Kid Driving The Homemade Hovercraft His Dad Built Him

May 31, 2017


This is a video of young Oliver driving the homemade hovercraft his research scientist father Paul built for him. Pretty sweet, right? Now I'm jealous I didn't have a hovercraft growing up. Or a Power Wheels Jeep. Or even a bicycle. I did have a nasty underbite though. My dad would always joke we didn't have the money for braces so my best bet was trying to get kicked by a mule at the petting zoo.

Keep going the video.

Thanks to Davey, who agrees Toys Я Us should have been selling these years ago.

  • adsffda

    my dad made one of these and he wasn't a research scientist. used an old shopvac. they're not that complicated to put together, although it did fall apart later that day and couldn't steer

  • Jenness

    Bitter Betty me says "Screw this kid and his awesome childhood"

    I'm so jealous.....wahhhhhhhhhhhh

    The only fun I had was figuring out the hard way that when you are told to "go pick a switch" to NOT pick the green ones but the old big dry ones to get beaten with.

  • da1nonlysage

    "This one's soft so it'll hurt less!" At least we have something fun to pass on to our kids too.

    The only other thing I have to pass on is my art book (it sucks)

  • Robin Paine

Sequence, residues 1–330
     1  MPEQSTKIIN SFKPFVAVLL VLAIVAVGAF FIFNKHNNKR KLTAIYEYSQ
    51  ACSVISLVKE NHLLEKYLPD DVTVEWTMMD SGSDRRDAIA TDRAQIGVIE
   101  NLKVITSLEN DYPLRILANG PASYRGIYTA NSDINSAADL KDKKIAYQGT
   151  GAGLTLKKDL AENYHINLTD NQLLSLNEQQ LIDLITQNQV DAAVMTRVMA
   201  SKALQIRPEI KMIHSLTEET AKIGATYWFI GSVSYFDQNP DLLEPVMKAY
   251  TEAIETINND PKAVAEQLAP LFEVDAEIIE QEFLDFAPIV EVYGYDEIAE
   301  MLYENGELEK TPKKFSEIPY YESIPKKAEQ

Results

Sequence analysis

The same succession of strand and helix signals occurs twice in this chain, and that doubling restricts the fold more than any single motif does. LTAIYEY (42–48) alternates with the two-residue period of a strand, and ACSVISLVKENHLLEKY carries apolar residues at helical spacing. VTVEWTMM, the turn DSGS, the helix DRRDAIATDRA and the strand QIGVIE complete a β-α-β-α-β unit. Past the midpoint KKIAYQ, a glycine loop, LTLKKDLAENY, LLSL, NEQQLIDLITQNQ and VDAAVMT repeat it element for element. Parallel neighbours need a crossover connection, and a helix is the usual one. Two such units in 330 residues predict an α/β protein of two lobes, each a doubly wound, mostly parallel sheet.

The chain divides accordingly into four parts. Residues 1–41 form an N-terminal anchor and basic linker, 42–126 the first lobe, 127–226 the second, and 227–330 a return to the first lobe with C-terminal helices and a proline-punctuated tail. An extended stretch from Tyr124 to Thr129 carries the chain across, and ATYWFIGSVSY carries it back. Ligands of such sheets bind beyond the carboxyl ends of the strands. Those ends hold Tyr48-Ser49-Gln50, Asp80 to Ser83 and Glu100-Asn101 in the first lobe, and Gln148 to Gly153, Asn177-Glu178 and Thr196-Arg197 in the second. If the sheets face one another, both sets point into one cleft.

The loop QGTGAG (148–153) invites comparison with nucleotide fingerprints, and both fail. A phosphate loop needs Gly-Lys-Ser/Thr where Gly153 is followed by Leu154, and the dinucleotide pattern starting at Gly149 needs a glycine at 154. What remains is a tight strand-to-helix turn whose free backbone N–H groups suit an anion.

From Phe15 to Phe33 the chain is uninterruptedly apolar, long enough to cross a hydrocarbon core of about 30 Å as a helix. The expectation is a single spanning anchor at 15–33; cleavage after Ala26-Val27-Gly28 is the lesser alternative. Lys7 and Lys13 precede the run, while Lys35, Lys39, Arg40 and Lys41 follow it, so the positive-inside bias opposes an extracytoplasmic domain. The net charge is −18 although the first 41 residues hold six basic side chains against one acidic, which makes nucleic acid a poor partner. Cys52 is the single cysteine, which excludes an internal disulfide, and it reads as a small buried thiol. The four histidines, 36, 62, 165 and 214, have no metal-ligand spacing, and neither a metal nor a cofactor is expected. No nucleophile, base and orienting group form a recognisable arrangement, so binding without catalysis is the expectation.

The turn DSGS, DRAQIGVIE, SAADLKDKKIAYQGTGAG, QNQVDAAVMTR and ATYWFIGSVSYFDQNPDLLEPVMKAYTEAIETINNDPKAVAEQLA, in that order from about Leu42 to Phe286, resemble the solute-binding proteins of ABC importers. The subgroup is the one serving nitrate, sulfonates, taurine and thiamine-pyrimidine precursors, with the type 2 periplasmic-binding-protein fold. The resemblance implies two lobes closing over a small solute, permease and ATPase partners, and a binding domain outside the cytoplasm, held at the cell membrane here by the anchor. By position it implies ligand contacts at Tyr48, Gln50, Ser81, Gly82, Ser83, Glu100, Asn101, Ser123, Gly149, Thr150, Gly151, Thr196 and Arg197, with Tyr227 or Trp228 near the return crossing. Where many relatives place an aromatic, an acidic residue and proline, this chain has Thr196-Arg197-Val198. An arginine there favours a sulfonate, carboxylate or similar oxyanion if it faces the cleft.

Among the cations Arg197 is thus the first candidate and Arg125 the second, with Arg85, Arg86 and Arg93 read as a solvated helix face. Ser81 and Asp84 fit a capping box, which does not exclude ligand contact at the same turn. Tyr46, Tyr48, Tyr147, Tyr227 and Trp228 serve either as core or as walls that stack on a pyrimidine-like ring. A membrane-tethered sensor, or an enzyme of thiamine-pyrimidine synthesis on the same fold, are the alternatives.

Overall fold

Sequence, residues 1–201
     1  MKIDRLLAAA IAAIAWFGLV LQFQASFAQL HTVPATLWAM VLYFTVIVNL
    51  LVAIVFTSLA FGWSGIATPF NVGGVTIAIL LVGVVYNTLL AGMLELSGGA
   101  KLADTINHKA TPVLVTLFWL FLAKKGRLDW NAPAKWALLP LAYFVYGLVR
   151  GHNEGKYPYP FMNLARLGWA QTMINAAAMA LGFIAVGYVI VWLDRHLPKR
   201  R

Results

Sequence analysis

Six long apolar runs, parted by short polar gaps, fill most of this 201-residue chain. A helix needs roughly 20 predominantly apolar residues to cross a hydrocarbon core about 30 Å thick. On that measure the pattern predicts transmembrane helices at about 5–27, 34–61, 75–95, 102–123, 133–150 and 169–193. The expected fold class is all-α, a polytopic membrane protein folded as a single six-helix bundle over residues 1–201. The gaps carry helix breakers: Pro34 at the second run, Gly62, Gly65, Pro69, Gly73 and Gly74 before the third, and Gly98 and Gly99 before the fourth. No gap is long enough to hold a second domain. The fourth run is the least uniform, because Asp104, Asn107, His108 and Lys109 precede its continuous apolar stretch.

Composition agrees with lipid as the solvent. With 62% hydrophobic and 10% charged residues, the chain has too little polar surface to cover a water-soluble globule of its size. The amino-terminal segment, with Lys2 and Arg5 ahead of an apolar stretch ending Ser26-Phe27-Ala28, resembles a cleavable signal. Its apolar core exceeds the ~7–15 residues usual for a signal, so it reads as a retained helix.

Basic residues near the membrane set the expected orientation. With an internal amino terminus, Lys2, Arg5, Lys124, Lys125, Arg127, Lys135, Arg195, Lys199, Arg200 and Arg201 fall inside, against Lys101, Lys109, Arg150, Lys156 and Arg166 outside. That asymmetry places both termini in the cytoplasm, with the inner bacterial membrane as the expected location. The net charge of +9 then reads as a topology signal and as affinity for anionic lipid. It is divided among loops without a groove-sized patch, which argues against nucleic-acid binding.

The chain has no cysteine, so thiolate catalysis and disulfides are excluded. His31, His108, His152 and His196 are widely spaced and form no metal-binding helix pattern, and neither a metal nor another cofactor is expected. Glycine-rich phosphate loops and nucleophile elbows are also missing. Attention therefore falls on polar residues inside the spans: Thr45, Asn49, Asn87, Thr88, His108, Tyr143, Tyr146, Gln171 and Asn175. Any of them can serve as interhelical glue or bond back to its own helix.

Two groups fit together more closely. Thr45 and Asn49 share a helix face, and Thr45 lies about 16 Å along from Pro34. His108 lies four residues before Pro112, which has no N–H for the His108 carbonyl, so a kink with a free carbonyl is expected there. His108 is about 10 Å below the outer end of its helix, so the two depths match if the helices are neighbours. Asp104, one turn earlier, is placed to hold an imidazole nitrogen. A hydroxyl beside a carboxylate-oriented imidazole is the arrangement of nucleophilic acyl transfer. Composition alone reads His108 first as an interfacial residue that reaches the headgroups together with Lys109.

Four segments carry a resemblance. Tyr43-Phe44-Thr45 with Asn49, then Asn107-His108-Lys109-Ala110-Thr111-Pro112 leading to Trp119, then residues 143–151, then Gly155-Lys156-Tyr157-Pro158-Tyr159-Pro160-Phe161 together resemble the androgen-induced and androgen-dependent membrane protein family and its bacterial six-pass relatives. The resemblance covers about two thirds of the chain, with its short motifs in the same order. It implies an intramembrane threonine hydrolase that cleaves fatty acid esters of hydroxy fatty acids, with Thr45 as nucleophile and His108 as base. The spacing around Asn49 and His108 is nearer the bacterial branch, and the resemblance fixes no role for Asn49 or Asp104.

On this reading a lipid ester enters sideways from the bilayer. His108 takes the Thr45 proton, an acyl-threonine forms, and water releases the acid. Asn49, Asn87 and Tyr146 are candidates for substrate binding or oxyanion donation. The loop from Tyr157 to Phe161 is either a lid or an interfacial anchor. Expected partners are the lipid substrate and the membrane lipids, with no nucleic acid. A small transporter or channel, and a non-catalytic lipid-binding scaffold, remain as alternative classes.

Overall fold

For those interested in these fascinating machines, there is a 700 page book, with 450 pictures called 'On a Cushion of Air', (available through Amazon and Kindle), which tells the story of Christopher Cockerell's discovery that heavy weights could be supported on a cushion of low pressure air, and the development of the hovercraft by those who were there, from the very early days through to the heyday of the giant 165-ton SRN.4, which crossed the English Channel starting in 1968 carrying 30 cars and 254 passengers at speeds in excess of 75 knots on a calm day. It was subsequently widened to carry 36 cars and 280 passengers with an A.U.W. of 200 tonnes and was later lengthened to an A.U.W of 325 tons and capable of carrying 55 cars and 424 passengers. The amazing point was that from 165 tons to 325 tons only 400 extra hp on each engine was required, although a bit of speed was sacrificed, proving conclusively that Christopher Cockerell's theory was sound.

    There is also a 1 hour 20 minute DVD, ‘On a Cushion of Air’, based on the book available through Amazon Instant Video to rent or download.

    Sadly, for economic reasons, the SR.N4 service came to an end on 1st October 2000. In total 6 SR.4s were built and the two remaining ones are in the Hovercraft Museum at Lee-on-Solent, England.

  • Deksam

    It could have a new life in the Canadian arctic and cart heavy supplies to and from the diamond mines there all year round, never worrying about break up like the ice truckers do.

  • Captain Matticus, LP Inc.


    I hate him

  • Titty McNipplefondler

    And I thought I was cool for having a go kart :(

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